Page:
These propositions create added-value benefits and are superior to those of our competitors. We review continually our customer-interaction strategy. benchmarked awareness of our brand promise. We are one of our customers’ preferred and selected suppliers. distribute goods and services. Each interaction with a customer has a clear objective. We can provide the best offering in the marketplace by excelling in specific value-adding activities. of our brand image and the attractiveness our goods relative to that of direct competitors. Our brand’s relative position versus that of our competitors’ brands is consistently checked. transaction. as well as the quality and the services that are related with those goods. However. Our customer-interaction strategy is translated into competitive advantages. Low-value customers are served through low-cost channels. and market-introduction policy needed to realize the targeted brand positioning in the marketplace. We have validated the plan as being effective in the marketplace in driving a profitable growth. This makes it possible to apply premium prices for our goods and services. We minimize our customers’ inconveniences by developing interaction channels. resolve problems and complaints. and this interaction is not coordinated between the different levels and functional departments in our organization. We learn this through market research (ad hoc qualitative market research). We dominate the market by improving our value-adding activities continuously. This promise is relevant. but we do not systematically capture a record of these interactions using an information system. Our employees in all functional areas know how best to respond quickly to a customer request. which results in small margins. We develop all communications (i. responsiveness. convenience. and the business processes behind.. This influences our customers’ behavior so that they choose our organization. distribution. We track the effectiveness of our interaction channel(s). We formulate a plan in our business unit to close the gap between actual and targeted brand image. 5 6 7 8 9 10 Element 4 Value-creation strategy Level 0 We sell goods that meet customers’ requirements. The marketplace is characterized by price competition. This understanding is consistently deployed in communication briefings. 1 2 3 4 5 6 Element 3 Level 0 1 Brand strategy We describe the brand positioning for the goods that our business unit is producing. We have employees whose responsibility is to capture customer information provided by each customer interaction. the management and all people in direct contact with the market. Customer satisfiers and dissatisfiers are tracked all the time. We have a basic understanding. We regularly measure customers’ and other targeted groups’ awareness of our brand. / Industrial Marketing Management 35 (2006) 57 – 71 4 We. and apply the brand positioning.e. We identify added-value opportunities by understanding our customers’ specific needs and preferences. within our business unit. perceivable.. functionalities. and use customer feedback for improvements. This means that we serve customers through appropriate channels. Services. integrity. these customized interactions are still not well coordinated. and education are all part of customer value. We make the brand positioning an integral part of our business plan. speed. We base our competition for market share mainly on the quality of our goods. We develop comprehensive value-adding propositions that our customers trust. The characteristics of each touch point are described.g. We analyze and understand customer-touch points in terms of their differences. We interact only rarely with our customers. We seek actively opportunities to create more value by regularly analyzing the results of customer satisfaction surveys. We use market researches and value models for gaining more insight into customer requirements. 7 8 2 3 9 . ease of access. distribution/sales channel strategy. for example e-mail rather than face-to-face interaction. Lindgreen et al. and make transactions possible (e. 1 2 3 4 5 6 7 8 9 10 We provide contact details so our customers can ask for information. We have a good understanding. The brand positioning has been validated as being capable of achieving long-term profitable growth for our company. and service. We map these touch points for different processes including information/ communication. We make an inventory of existing customer-touch points. We do this through all relevant attributes in a quantitative way. These propositions are the reason why we can change from short-term transactions into long-term relationships with profitable customers. which is aligned with our customer strategy. This brand positioning is based on the translation/amplification of the brand positioning for our goods. We base the customer-interaction strategy primarily on our customers’ needs. Gaps between actual and targeted brand image are identified. This plan also guides the definition of our product portfolio. Customer value comes in many forms and is beyond the immediate value of purchased goods. trust. We learn this through regular qualitative market research. We have achieved maximum. know. We coordinate and manage across all levels and functional departments in the organization each single customer interaction. order entry and online payment). importance. All channel opportunities are developed to create channel synergy. We describe the brand positioning for our goods. and attractive to the targeted groups. We translate the brand positioning into the brand promise to the customer and other targeted stakeholder groups. We know when and how our customers want to interact with us. of our brand image among a defined customer-target group and the attractiveness our goods relative to that of direct competitors. and is distinctive from that of our competitors. We do this with a profit. We add value through our customer-interaction strategy. understand. This helps us to provide information. We achieve consistency in customer interactions. costs. Interaction channels are used in an effective and efficient way to avoid waste of resources. Every customer contact is recorded to get more insight into this customer’s preferences and needs. We define a customer-interaction strategy. We are aware that selling goods and related services only is not enough to win valuable customers.66 Element 2 Level 0 Customer-interaction strategy A. There are many competitors in the market who are able to offer the same goods at competitive prices. We formulate value propositions that meet specific customers’ requirements. We focus on selling the features of our goods. from packaging over backing cards and TV spots to public relations campaigns) using the brand positioning. We perform regular checks relating to consistency. within our business unit.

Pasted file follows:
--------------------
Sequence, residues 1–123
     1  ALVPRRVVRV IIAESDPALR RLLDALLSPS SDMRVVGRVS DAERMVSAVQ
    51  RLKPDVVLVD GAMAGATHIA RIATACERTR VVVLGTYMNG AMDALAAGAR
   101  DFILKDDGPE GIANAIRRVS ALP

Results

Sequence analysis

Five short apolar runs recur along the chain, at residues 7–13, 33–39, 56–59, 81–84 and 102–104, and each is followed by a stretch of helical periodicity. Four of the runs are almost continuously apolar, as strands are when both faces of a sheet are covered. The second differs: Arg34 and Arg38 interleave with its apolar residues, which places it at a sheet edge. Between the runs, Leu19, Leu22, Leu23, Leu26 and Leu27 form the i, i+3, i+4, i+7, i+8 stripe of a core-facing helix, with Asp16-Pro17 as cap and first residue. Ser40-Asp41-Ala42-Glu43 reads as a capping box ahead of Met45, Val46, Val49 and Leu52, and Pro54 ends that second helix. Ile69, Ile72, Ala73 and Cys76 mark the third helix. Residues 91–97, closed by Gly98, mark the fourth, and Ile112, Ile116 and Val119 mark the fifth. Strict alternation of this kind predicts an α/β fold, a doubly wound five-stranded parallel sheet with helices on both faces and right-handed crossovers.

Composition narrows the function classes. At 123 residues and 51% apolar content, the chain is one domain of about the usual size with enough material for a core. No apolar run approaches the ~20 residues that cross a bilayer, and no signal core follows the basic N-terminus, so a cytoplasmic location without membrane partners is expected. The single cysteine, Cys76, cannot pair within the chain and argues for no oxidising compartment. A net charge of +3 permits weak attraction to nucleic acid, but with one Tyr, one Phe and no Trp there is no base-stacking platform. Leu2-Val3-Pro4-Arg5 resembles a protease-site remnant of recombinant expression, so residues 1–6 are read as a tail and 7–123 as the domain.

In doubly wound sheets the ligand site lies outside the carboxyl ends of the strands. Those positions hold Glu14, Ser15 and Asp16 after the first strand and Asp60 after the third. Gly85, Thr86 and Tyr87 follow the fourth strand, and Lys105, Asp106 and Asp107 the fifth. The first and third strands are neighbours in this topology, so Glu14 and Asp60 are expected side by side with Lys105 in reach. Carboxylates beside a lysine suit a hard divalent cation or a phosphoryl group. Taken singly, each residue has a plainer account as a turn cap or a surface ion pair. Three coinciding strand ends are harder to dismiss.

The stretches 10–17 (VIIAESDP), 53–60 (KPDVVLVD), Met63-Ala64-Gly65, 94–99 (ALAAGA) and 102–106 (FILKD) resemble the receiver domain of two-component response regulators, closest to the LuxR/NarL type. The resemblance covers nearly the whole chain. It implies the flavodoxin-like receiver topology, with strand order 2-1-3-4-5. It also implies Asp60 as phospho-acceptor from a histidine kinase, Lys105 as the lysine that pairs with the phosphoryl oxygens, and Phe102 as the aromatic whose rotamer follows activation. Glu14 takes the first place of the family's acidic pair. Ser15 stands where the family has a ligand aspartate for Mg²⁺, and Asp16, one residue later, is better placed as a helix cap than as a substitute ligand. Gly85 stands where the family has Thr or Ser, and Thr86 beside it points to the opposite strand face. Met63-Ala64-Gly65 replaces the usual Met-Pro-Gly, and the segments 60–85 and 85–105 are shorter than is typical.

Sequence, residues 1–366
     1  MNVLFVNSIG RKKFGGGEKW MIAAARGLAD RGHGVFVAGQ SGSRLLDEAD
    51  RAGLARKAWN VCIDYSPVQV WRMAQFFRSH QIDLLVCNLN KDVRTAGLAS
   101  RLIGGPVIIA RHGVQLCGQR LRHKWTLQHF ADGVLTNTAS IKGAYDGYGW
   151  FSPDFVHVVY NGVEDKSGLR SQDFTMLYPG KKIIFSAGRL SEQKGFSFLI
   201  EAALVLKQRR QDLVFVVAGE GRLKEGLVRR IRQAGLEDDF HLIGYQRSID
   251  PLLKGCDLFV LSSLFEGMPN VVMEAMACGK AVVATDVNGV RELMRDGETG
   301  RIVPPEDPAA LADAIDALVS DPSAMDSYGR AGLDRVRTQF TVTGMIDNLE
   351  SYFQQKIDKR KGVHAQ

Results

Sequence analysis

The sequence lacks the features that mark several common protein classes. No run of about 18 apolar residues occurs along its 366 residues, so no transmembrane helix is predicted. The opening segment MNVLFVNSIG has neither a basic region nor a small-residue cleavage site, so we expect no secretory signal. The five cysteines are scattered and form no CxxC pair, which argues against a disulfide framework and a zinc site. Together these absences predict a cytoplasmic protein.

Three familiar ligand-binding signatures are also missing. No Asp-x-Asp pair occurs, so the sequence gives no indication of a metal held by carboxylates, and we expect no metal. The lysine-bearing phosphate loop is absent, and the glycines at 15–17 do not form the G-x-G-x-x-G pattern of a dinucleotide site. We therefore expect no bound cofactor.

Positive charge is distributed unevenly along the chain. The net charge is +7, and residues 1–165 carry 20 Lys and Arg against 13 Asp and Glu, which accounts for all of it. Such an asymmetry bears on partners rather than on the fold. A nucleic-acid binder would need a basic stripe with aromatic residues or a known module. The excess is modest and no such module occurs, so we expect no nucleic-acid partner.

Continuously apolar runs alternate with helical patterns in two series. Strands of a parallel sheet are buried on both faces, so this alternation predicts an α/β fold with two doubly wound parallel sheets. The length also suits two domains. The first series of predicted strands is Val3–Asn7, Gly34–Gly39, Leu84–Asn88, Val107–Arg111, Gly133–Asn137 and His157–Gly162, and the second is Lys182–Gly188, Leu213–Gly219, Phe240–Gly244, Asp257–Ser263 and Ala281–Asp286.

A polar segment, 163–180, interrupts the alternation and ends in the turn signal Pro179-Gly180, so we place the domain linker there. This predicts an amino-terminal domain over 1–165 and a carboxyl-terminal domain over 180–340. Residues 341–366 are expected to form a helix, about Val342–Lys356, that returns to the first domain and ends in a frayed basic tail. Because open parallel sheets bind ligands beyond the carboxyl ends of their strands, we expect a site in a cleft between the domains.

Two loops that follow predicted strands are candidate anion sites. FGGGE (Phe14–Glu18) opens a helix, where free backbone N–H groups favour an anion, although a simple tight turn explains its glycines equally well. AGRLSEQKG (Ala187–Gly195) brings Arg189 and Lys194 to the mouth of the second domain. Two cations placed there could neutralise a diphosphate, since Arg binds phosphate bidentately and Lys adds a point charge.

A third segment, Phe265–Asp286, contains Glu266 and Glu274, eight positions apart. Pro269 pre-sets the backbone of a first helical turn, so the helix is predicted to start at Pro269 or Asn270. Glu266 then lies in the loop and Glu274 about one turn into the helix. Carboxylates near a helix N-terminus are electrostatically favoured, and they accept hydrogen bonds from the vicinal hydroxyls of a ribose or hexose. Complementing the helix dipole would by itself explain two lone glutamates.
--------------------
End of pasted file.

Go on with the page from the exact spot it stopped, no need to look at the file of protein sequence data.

We. and to show determination. This includes people in departments such as product. which affect the customer’s experience. We request our leaders to understand the market. and deliver effectively to their own customers. Our employees possess the capability to create value-adding activities for our customers. are acknowledged by our customers as the most careful. We emphasize on seeking new. Our employees are competent to communicate in a customer-oriented way. if not impossible. knowledgeable. Our employees are able to win concessions without damaging customer relationships. maintain. We focus primarily on customers and long-term relationships rather than on goods and short-term transactions. and for being unique. 3 67 4 5 Element 5 Culture Level 0 1 We request our sales people to focus on single sales rather than on customer retention. We introduce a number of contacts between the selling and buying parties to replace the traditional relationship between sales and purchasing departments. We have a dedicated key account manager to coordinate the development of our customer relationships. coaching. We identify and describe different roles in our organization including competencies and accountabilities. to reduce costs of hiring and training. and continue to monitor external developments. finance. they have excellent skills like business and product knowledge to convince customers to select our organization. marketing. Also. We ensure that our employees have a sound market sensing. We react quickly to customer requests and demands. There is hardly any internal resistance to organizational or cultural change. 6 7 2 8 3 4 9 5 10 6 7 We select and recruit people with the right skills and orientation in accordance with job descriptions. and enhance customer relationships by gaining their trust and respect. and a capability to establish. 9 1 2 10 3 Element 6 People Level 0 We have a high employee turnover in our organization. We. Our employees understand the difference between added-value and value-adding activities. as well as an organizational change for building relationships with our most valuable customers. These competencies are requirements in our job descriptions. Our employees are committed and dedicated to satisfying our customers. administration. Our profits result from creating and delivering superior. we define procedures to manage customer complaints. We delegate the coordination and management of customer relations to middle and senior management. employees or departments. Negative effects including lack of knowledge of customer details and loss of information are visible. especially sales people. an ability for understanding our customers (show empathy). we continuously try to exceed customers’ expectations and requirements. operations. and ensure that incentives and rewards encourage a customer-focused behavior. We require each employee to take whatever action appropriate to ensure the satisfaction of our valuable customers. We adapt the way of working in our organization: we now anticipate rather than react to our customers’ requests and demands. We are paying more attention to goods and competitors than to customers. We are aware of the necessity of a customer-focused mindset. We make customer-focused behavior a significant part of performance appraisal criteria. and to increase productivity. innovative solutions to our customers instead of selling generic goods and services to them. A certain degree of autonomy in decision making allows our employees to manage customers. produce. which is correlated with customer retention. but it is still not optimal. Employees feel responsible for the end result and act with the customer in mind. and information-technology departments. / Industrial Marketing Management 35 (2006) 57 – 71 10 We are acknowledged as the leading company.A. 8 Element 7 Level 0 Organization We see the functional departments in our organization as autonomous units. We constantly think from the customer’s point of view in order to improve business performance. It is difficult. our organization and our employees. Also. We seek to reinforce customer loyalty. services. and skilful professionals to trade with. Our experienced employees deliver high-service quality at low costs. We delegate clear responsibility and authority to leaders in our organization in order to realize a customer-focused culture. and providing required resources. We manage customer relationships only through the sales department. We focus on creating value-adding opportunities for our customers. act in a more customer-centric way. We have the expertise and knowledge of our customers_ value chains to help them source. Employees in our organization are our most valuable assets. We ensure that functional departments collaborate to meet our customers_ needs and wants. logistics. We understand the essence of employee satisfaction and commitment. in the market. Development and training plans are implemented to enhance customer-management skills. Honesty and openness characterize the way of working. Lindgreen et al. We involve in an early stage our customers and suppliers in product and service development. sales. Their role is to help customer-facing employees by supporting. Their style and methods of managing in turn are encouraging a customer orientation. finance. We lack an understanding of our customers’ needs and wants. We manage the relationship with our customers through different departments in our organization. as well as our employees’ service mindedness. A customer-focused mindset is part of recruiting and training programs. and how this structure affects the performance of our customer management and other activities. 4 5 1 2 6 . for our competitors to copy our capabilities. These contacts represent the marketing. and technical support. The accountabilities and procedures for several customer processes are written down clearly. and possess the required interaction skills. The focus is on short-term sales targets. Also. Customer focus and commitment are parts of our corporate vision and mission. innovative ways of working to serve our customers individually. We regularly assess the skills of our employees’ to identify competency gaps. We instill a customer-focused culture in our organization. We increase the retention of our skilful employees. We understand how the organizational structure is designed. We constantly try to meet customers’ expectations by delivering appropriate goods and services and by solving their problems quickly. We reward our employees based on their individual performance and productivity. Communication between departments has been improved. We ensure that our employees understand their roles and possess the basic skills and knowledge to identify our customers’ needs and preferences that are of value to them. There is a lack of communication between departments. Appropriate leadership and customer management competencies are essential characteristics for customer-facing employees.